Juster also wrote “The Dot and the Line,” which was adapted as an Oscar-winning animated short by Chuck Jones
Courtesy of Penguin Random House
Norton Juster, the children’s author best known for his books “The Phantom Tollbooth” and “The Dot and the Line,” has died. He was 91.
Mo Willems, an author and animator and close friend of Juster’s, first announced that Juster passed away Monday night. A representative from Penguin Random House also confirmed his passing, though no other details were available.
“My lunch partner, Norton Juster, ran out of stories & passed peacefully last night,” Willems wrote. “Norton’s greatest work was himself: a tapestry of delightful tales. Miss him. ‘To the vector goes the spoils.’”
Juster’s “The Phantom Tollbooth” was published in 1961 as illustrated by Jules Feiffer, and the book is a fantasy adventure story about a bored schoolboy who drives his toy car through a magic tollbooth that transports him to the once prosperous Kingdom of Wisdom. The book won the George C. Stone Centre for Children’s Books Award and was adapted into a feature film by MGM in 1969, and it is considered an all-time children’s classic, selling more than 4 million copies.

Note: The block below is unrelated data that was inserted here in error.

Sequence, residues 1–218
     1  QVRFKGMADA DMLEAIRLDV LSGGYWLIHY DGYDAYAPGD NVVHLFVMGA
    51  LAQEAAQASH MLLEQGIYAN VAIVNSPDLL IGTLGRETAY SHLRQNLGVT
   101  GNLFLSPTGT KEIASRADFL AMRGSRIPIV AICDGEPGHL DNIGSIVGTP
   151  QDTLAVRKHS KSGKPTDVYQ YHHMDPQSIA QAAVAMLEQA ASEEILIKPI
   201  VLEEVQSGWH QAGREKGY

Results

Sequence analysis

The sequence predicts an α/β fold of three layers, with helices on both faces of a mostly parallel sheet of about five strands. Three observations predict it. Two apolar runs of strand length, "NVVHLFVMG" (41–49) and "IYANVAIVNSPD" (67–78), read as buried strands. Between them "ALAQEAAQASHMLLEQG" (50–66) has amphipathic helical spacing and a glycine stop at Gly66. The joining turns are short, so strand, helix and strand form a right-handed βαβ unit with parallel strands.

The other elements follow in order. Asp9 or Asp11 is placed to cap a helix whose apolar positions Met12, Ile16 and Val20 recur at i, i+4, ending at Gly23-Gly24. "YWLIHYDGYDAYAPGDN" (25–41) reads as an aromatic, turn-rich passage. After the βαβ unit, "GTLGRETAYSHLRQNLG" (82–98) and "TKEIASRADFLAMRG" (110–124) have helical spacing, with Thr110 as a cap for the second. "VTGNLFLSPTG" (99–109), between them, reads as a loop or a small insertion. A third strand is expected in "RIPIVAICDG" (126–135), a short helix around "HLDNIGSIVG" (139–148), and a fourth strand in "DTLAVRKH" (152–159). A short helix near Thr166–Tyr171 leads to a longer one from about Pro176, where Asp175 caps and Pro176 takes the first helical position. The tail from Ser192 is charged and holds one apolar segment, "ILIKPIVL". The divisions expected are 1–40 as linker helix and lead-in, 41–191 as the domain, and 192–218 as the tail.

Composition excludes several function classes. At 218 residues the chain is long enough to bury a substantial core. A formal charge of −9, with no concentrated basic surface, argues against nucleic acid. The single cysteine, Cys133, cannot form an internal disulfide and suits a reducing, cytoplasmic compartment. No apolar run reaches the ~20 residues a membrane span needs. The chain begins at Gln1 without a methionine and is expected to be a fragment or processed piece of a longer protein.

His follow-up book “The Dot and the Line: A Romance in Lower Mathematics,” was also illustrated by Juster and would in 1965 be adapted into an Oscar-winning short animated film co-directed by Chuck Jones. Some of his other credits include “Alberic the Wise,” “Otter Nonsense,” “As: A Surfeit of Similes” and “The Hello Goodbye Window,” which won the Caldecott Medal.
Juster was originally born in New York and also worked as an architect, opening his own firm after spending three years in the Navy. And between 1970-1992, Juster taught architecture and planning at the Pratt Institute in New York and was the professor of design at Hampshire College in Amherst, Massachusetts. He retired from both architecture and teaching but continued to write late into his life.
In 2018, TheWrap reported that a new version of “The Phantom Tollbooth” was in the works as a feature film from the director of “Rio,” Carlos Saldanha.
Source: Read Full Article